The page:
MM: How does the situation of domestic violence in South Korea compare to other parts of the world?
NK: The situation of domestic violence in South Korea is both similar and different as compared to other parts of the world. It is similar in that it happens in the context of sex inequality, that it is about exerting power and control over another person, and that it goes mostly ignored by society.
I’ve noticed that whenever I talk about domestic violence, people attribute it to a foreign country. For example, when I’m in the US, and I talk about how many women experience domestic violence, Americans ask me, “Is it really so bad in South Korea?” I’ll respond, saying, “I’m talking about what I’ve observed while volunteering at the local domestic violence shelter, right here in the United States.” The same thing happens when I am in South Korea and talk to people about domestic violence — people ask if domestic violence is really so bad in the US! Domestic violence happens everywhere, but so few of us seem to know how bad it is.
The phenomenon of domestic violence is similar across the world, but systemic and cultural responses to domestic violence are wildly different depending on where you are. For example, in many parts of the world, there is a policy mandating arrest for perpetrators of domestic violence. But in South Korea, these arrests are discretionary, reflecting the view that domestic violence is just a private matter, not to be interfered with by the government. Numerous women talk about the police responding to their calls for help, only to leave them at the scene with the assailant. In the South Korean law on domestic violence, there is even a provision stating that the purpose of this law is to “protect the family,” which effectively discourages punishing the perpetrator. Culturally, victim-blaming and a negative view of divorce are stronger in South Korea than in many parts of the world. Divorced women face severe discrimination, stigma, and lack of opportunities, and the situation is worse for divorced women with children. There are also very few spaces where women can find good feminist support. Hopefully the new women’s movement will change this reality.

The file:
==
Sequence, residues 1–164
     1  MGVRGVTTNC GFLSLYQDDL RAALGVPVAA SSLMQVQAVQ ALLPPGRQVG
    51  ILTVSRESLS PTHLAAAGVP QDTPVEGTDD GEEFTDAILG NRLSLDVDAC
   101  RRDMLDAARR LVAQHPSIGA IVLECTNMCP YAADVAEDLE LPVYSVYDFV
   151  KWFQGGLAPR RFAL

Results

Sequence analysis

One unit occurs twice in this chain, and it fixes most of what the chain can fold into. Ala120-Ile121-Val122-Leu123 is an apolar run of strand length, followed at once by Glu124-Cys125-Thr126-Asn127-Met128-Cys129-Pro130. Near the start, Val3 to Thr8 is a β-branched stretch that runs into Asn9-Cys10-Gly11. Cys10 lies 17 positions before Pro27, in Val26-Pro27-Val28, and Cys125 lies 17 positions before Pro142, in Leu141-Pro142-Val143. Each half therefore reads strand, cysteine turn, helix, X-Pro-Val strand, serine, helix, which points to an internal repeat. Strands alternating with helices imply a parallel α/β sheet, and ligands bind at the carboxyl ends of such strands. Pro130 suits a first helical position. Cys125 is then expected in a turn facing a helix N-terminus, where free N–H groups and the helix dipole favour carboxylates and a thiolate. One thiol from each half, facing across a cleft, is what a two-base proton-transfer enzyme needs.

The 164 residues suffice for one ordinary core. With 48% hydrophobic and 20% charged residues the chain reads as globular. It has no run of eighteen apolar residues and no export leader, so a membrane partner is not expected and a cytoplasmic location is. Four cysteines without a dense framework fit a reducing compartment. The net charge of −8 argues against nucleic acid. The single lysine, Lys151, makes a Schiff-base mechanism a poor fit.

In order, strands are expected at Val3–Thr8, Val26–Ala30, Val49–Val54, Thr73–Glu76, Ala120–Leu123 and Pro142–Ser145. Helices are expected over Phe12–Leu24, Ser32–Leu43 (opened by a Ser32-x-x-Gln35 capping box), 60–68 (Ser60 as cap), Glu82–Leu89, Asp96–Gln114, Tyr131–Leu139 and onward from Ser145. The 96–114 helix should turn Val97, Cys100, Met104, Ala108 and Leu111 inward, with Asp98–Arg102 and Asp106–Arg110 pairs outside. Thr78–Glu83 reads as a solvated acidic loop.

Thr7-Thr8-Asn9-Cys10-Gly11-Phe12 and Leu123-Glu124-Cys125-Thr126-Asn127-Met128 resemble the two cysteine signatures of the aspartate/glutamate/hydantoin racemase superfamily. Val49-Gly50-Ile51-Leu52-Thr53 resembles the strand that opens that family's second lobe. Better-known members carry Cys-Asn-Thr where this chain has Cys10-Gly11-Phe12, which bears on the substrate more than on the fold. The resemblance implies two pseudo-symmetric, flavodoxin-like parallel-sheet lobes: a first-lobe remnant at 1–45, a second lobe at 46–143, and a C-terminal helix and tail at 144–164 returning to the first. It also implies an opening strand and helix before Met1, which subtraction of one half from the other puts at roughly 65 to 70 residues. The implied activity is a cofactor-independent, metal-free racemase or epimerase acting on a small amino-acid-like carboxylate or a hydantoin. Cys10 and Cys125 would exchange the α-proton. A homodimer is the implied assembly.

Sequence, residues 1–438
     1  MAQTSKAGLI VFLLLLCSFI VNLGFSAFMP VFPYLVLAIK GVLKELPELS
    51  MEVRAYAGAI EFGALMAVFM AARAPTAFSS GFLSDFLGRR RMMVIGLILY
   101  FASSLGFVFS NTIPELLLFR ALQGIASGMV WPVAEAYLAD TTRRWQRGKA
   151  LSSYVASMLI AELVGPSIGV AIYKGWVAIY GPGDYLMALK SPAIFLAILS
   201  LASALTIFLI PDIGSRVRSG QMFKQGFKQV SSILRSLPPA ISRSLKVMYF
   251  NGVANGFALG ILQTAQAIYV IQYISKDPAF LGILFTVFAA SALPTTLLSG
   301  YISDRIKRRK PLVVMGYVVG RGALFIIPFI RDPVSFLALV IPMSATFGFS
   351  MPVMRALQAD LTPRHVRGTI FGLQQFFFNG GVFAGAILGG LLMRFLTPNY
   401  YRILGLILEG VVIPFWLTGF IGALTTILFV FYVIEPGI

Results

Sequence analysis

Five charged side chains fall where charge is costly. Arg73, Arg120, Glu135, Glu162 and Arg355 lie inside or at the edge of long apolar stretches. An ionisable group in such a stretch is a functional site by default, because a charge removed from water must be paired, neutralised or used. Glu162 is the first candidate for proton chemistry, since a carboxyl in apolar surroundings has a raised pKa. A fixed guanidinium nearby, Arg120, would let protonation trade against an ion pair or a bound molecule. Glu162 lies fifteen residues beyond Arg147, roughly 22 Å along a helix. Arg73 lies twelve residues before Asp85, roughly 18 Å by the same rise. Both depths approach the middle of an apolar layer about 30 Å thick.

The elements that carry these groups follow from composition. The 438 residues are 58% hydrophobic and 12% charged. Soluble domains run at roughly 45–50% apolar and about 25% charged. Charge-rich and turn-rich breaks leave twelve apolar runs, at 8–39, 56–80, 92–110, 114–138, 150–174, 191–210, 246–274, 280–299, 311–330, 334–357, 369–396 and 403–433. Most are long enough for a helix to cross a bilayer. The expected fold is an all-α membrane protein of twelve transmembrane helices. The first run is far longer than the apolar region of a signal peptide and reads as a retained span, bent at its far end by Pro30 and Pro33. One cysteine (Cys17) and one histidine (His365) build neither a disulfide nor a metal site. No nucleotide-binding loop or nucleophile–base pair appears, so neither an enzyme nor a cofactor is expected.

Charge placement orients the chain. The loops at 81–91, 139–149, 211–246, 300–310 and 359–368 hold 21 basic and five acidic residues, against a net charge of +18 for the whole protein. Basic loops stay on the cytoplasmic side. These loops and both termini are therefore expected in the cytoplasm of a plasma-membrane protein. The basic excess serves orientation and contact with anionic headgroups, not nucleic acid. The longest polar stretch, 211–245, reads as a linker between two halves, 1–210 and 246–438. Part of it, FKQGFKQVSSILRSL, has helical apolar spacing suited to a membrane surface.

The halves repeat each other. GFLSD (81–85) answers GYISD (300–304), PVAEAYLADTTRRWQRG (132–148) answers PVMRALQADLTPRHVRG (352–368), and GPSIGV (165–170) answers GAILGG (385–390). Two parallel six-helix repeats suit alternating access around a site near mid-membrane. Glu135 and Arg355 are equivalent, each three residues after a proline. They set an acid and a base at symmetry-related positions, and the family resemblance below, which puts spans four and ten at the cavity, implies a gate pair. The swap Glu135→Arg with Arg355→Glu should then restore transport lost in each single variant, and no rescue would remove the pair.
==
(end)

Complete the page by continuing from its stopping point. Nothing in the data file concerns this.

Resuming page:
MM: Has there been a backlash to women’s activism? How have men responded to feminism/feminist action? Is there a Men’s Rights Movement in South Korea, for example?
NK: There have been many backlashes to women’s activism, so many that I’m losing count. Men threatened to throw acid at women during the most recent protest against digital sexual violence. One man brought a knife to a memorial event for the woman stabbed to death in Gangnam. Men took pictures of women protesters and put them online for other men to make rape and death threats against. Companies fired female employees for posting about feminism on their personal social media accounts. Male fans turned against a female entertainer for reading a feminist book. Hiring committees have asked female applicants what they thought of the #MeToo movement, the message being, “We don’t want you here unless you promise to keep your mouth shut about sexual harassment.” The list goes on. I would say that Korean men have not responded well to feminism at all. I am tempted to say that the status quo itself is a gigantic Men’s Rights Movement. But yes, there is a separate Men’s Rights Movement, or something like it, that is more directly misogynistic and violent — it is mostly online and reaches millions of men as well as young boys.
MM: How can Western feminists support the women’s movement in South Korea?
NK: My favorite pastime is researching feminist activism of past and present, in every part of the world. Reading global women’s history has made me realize how many women from different cultures and backgrounds have inspired each other. This fight against male dominance — especially men’s violence against women — truly is a global struggle. So I want to ask you to attack male dominance wherever you are, and in whatever way you can. Every bit helps. Document what you have done, why and how, and what ideas you have about how we can destroy male dominance. Share this feminist knowledge as widely as possible, scream and roar if you can, so that every woman can use it in her own fight.
How can Western feminists support the women’s movement in South Korea? We are attacking male dominance head on. We are screaming at the top of our lungs. Hear us roar. Help us spread the word about what we are doing, take your own shots at it, too, and keep in touch!